:: More than 20 years ago, Leigh Curran moved from the Big Apple to the West Coast, and brought along a desire to give back to her new community. In 1992, she opened the Virginia Avenue Project (VAP), a free after-school performing arts and arts mentoring program, in Santa Monica, California.
"I wanted to do something that had meaning, and the Virginia Avenue Project allowed me to share what I've been artistically practicing all these years for a greater reason," said Curran, who had previously worked at the 52nd Street Project in New York City. "We hold the basic principles that the arts can help kids think creatively, critically, and courageously about what they want to do with their lives. Not turning them all into artists, necessarily, but helping them use all of themselves to make important life choices."
Working out of the youth center at the Santa Monica Police Activities League, VAP provides its students with a safe after-school space as they develop their creative-thinking skills and learn new ways to express themselves. Programming is divided into core classes, located at the activities league, as well as outreach efforts that sends volunteers into several Los Angeles area schools, where students are often struggling with learning disabilities or difficult financial circumstances. VAP's current core classes serve nearly 40 students while the outreach programs reaches an additional 360 children. For many VAP students, these programs are often their only access point to the arts.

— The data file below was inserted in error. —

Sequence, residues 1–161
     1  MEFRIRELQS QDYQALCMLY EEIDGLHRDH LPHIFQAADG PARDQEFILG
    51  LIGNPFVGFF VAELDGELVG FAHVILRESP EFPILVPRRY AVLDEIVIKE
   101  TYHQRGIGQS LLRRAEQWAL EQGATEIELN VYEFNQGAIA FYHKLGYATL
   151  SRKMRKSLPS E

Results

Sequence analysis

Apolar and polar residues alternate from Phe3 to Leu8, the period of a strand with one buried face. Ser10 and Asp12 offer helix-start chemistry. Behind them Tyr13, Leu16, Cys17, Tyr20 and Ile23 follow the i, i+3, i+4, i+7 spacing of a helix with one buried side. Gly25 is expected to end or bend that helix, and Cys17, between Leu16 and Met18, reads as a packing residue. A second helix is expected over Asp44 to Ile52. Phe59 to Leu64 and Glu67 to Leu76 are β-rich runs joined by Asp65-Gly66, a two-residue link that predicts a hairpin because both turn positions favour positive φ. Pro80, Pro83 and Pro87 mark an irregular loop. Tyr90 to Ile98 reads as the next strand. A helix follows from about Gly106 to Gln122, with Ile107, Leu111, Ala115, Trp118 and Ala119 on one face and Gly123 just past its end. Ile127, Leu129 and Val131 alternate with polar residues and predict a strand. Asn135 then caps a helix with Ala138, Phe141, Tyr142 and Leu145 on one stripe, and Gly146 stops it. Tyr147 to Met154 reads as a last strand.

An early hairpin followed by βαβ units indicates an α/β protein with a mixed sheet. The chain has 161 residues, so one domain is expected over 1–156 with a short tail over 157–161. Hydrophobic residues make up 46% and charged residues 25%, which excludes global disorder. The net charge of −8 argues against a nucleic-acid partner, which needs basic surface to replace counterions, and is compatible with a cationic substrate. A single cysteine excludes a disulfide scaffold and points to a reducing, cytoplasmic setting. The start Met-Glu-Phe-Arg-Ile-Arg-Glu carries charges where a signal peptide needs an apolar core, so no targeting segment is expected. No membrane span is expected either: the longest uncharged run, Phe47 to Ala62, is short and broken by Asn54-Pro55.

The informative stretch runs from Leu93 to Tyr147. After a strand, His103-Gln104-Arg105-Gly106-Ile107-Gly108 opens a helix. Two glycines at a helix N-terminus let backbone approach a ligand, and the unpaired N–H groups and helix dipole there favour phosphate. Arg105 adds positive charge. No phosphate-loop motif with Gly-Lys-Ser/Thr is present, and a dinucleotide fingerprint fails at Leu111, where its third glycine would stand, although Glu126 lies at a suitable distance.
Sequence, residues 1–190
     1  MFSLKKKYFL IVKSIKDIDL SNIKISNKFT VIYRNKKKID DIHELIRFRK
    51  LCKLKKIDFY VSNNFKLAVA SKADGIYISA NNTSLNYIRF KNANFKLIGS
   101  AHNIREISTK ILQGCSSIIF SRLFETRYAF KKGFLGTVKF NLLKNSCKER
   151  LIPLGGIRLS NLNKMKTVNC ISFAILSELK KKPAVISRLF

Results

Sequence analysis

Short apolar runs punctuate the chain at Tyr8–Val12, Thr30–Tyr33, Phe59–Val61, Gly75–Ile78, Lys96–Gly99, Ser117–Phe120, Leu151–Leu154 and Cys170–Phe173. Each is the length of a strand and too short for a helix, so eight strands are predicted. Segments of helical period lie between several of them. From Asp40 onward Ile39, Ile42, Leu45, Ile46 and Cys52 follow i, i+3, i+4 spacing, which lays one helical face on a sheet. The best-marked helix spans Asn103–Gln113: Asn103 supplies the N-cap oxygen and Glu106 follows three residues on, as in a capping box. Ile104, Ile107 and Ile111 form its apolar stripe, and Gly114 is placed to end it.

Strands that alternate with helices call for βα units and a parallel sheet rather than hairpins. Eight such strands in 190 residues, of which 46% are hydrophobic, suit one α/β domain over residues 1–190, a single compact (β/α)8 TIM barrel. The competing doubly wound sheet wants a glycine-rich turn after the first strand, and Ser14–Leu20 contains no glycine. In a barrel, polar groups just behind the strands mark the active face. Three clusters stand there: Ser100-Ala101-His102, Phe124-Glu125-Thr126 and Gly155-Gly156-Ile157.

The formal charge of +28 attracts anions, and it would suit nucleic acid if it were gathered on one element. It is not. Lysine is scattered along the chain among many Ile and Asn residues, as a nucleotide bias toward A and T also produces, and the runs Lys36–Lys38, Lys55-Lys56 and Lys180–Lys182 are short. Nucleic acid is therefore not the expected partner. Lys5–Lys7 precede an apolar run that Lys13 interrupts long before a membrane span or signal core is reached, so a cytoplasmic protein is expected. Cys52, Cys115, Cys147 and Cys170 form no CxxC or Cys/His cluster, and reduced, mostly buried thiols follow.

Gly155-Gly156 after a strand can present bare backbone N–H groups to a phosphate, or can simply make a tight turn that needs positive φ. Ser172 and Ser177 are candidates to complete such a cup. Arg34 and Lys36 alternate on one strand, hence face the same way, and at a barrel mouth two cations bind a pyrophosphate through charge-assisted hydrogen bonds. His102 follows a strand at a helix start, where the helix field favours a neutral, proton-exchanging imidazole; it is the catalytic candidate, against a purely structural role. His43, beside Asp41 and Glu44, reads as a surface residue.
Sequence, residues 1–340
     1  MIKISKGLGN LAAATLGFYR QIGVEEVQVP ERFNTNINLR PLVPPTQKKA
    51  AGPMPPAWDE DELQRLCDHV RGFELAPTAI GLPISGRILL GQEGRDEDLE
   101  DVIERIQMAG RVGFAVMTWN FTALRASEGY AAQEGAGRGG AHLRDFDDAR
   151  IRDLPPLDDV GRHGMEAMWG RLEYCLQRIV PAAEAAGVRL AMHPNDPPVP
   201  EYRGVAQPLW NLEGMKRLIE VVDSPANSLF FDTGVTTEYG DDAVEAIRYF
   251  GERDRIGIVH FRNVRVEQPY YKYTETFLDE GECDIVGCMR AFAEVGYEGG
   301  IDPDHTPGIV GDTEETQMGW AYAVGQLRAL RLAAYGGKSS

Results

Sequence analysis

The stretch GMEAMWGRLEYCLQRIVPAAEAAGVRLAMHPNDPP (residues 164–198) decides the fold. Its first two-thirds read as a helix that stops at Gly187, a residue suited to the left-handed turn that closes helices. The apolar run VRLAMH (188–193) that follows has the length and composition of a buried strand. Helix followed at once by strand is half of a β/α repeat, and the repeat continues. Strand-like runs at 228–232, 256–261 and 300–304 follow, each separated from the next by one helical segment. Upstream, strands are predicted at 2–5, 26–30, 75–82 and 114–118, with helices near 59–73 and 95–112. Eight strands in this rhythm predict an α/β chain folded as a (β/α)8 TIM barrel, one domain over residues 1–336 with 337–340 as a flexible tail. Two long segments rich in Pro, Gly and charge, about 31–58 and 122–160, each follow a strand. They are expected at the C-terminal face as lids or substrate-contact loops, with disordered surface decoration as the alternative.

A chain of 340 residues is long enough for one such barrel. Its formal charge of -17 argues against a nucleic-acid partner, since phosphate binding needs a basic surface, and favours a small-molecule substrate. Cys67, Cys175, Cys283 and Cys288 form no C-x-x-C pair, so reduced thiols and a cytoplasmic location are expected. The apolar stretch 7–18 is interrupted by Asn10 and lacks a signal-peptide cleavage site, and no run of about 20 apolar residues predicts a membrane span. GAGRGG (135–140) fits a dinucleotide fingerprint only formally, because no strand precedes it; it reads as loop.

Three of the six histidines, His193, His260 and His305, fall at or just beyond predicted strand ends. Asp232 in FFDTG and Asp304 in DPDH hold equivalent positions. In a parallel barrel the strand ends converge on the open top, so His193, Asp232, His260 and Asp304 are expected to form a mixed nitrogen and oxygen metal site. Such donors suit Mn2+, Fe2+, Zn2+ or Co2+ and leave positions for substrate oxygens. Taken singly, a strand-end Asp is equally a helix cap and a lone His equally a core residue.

While both the core and outreach programs focus on writing and the performing arts, VAP also engages students in photography, video arts, poetry, and a tutoring program—Smart Partners—that helps VAP students with their coursework or in preparing for college admissions. VAP students join the organization as early as six years old and are encouraged to remain engaged through high school. Since the organization opened in 1992, 100 percent of VAP students have graduated from high school, and 95 percent have enrolled in college. Of these students, 98 percent are the first in their families to go on to higher education.
But the organization's influence extends beyond its own students. "One of the beautiful things about the program is we're not just exposing the children to the arts but also their families," said Kent Wallace-Meggs, VAP's executive director. "Often times it's the first introduction for their entire family and their friends to the arts. It has a far-reaching effect."